What Happened: The King of Mandopop is back. After six years, Jay Chou is finally dropping a new album on July 15. Ahead of the release, the Taiwanese singer-songwriter shared a music video for his latest single on July 6 titled “Greatest Works of Art,” which includes visual and lyrical references to famous artists such as Salvador Dalí, Monet, Matisse, Munch, and Van Gogh. Interestingly, the video opens and closes with a shot of the artist performing at La Samaritaine, an LVMH-owned department store in Paris that reopened last June after 16 years of renovations.
The Jing Take: Living up to his moniker, the multi-hyphenated artist is famous for fusing Chinese and western music styles and has sold over 30 million records over the course of his career. In addition to gracing stages and music stations around Asia, he has also appeared in Hollywood movies such as The Green Hornet and Now You See Me 2, and served as the ambassador for Swiss luxury watchmaker Tudor. This new music video sees him back in the global spotlight, garnering over 109 million views on Weibo (plus 3 million on YouTube) within nine hours of being posted.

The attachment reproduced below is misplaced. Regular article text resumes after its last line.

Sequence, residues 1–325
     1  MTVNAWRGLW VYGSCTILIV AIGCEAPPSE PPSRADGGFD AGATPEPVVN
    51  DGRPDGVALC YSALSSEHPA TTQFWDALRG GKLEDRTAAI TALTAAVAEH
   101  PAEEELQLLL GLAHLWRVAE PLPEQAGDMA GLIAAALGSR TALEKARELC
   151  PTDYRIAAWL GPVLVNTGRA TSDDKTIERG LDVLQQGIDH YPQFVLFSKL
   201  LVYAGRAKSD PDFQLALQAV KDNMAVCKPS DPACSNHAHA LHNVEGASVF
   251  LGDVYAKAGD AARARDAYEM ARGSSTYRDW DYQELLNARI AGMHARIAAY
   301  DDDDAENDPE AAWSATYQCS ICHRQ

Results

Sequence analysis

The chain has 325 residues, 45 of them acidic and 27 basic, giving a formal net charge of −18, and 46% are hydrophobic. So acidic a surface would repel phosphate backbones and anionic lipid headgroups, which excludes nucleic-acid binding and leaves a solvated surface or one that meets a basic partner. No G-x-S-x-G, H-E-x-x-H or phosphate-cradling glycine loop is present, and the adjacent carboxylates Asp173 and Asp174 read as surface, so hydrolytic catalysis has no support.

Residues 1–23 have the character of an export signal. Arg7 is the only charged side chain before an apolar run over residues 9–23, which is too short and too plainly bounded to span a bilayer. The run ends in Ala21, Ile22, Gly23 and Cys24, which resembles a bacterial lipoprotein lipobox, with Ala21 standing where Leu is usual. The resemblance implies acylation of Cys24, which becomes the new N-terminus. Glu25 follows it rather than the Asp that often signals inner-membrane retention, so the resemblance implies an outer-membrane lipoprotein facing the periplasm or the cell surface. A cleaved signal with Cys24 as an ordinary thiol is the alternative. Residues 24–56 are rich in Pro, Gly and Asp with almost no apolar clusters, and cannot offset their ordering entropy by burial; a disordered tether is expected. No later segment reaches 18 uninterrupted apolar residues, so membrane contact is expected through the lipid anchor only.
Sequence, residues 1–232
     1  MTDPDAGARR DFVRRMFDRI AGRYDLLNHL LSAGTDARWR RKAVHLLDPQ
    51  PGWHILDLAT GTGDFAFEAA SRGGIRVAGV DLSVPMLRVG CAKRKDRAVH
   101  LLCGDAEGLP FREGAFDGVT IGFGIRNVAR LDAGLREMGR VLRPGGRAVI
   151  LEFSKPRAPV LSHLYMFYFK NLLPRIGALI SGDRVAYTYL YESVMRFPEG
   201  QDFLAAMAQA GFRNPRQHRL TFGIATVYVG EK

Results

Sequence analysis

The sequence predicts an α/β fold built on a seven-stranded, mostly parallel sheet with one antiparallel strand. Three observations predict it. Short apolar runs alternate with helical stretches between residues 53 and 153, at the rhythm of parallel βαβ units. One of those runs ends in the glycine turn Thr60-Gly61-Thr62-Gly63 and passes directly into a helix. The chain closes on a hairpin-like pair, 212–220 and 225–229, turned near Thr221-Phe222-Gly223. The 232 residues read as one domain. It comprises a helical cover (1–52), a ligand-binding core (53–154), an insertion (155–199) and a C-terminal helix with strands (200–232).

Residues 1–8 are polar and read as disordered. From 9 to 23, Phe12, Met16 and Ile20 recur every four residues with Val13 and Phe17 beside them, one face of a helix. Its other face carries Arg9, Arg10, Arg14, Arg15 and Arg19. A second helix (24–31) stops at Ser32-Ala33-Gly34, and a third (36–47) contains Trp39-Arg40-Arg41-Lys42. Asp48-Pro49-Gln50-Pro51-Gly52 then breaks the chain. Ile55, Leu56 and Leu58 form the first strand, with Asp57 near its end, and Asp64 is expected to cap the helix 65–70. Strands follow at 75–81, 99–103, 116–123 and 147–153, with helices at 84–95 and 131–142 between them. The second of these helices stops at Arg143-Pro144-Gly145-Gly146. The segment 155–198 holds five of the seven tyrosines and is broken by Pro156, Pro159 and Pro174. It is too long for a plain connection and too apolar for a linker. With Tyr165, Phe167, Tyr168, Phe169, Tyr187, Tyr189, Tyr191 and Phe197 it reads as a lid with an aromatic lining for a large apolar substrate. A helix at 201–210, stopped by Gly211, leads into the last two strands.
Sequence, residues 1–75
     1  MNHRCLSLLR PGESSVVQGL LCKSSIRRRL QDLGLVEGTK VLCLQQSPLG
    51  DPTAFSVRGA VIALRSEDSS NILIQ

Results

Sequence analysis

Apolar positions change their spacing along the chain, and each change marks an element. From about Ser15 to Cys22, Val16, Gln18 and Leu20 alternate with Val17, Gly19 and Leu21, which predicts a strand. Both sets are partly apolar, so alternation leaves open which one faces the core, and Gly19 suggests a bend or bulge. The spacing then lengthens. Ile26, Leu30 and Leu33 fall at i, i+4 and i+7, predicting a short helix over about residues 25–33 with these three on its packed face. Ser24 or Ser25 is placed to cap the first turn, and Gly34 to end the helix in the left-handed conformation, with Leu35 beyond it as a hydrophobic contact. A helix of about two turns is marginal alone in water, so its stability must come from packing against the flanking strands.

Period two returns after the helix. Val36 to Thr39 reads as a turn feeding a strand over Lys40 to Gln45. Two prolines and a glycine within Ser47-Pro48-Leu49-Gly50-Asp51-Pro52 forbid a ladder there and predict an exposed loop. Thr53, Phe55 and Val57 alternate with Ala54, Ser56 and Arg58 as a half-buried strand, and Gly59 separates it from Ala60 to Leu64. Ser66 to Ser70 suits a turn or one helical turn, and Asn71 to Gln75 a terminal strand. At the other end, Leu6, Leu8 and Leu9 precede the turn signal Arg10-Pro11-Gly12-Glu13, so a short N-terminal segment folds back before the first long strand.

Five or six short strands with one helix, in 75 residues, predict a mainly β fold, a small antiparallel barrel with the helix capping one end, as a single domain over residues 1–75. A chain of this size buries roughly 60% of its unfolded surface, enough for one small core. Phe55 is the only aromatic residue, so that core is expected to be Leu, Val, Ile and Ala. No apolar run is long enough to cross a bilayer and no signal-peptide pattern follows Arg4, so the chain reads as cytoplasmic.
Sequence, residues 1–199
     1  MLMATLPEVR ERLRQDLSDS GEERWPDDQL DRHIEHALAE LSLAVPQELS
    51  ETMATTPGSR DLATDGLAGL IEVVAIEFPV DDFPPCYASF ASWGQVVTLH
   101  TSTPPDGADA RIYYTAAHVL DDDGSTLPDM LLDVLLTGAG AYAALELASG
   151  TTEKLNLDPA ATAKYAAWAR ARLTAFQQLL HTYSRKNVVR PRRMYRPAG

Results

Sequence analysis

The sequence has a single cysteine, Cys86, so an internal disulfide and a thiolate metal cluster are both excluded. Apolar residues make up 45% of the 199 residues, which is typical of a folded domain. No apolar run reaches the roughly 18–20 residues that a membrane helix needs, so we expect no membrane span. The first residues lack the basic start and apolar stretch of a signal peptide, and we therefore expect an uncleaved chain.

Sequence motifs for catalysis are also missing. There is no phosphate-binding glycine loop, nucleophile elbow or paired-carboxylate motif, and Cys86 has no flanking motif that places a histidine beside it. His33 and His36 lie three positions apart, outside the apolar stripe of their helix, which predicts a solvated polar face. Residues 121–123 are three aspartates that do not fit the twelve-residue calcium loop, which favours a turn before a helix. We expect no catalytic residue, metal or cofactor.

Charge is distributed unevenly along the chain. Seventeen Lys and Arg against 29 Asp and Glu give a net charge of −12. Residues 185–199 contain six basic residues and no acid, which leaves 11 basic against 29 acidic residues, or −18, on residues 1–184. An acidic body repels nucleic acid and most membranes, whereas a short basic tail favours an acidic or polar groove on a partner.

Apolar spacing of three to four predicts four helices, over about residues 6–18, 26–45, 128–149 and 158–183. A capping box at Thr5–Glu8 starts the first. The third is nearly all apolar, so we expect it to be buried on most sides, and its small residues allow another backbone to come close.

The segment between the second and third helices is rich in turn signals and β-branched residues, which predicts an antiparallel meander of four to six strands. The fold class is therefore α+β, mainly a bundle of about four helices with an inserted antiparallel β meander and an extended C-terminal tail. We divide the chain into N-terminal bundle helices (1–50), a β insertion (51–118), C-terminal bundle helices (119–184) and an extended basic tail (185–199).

But Chou isn’t the only one who could receive a publicity boost. By highlighting La Samaritaine in the video and lyrics — “I’m playing a magical symphony, wandering in Samaritaine, renovated throughout the years” — the musician could bring greater brand awareness to the iconic Paris retail building. After all, this wouldn’t be the first time Chou has called attention to a travel destination: his 2020 single “Mojito,” which was filmed in Cuba, spurred a flurry of memes, tribute videos, articles, and mojito promotional deals, and even got a shout out from the Cuban Embassy in China in hope of attracting more Chinese tourists to the island.
Of course, with borders back home still largely closed because of the pandemic, it could be a while before Paris sees an influx of holidaying mainlanders. However, with this group spending roughly $260 billion on travel in 2019, putting La Samaritaine in the front of their minds certainly doesn’t hurt. Featuring seven levels of luxury, beauty, and niche labels, the building is, as Chou’s video encapsulates, one of the greatest works of art — and the perfect place to splurge.
The Jing Take reports on a piece of the leading news and presents our editorial team’s analysis of the key implications for the luxury industry. In the recurring column, we analyze everything from product drops and mergers to heated debate sprouting on Chinese social media.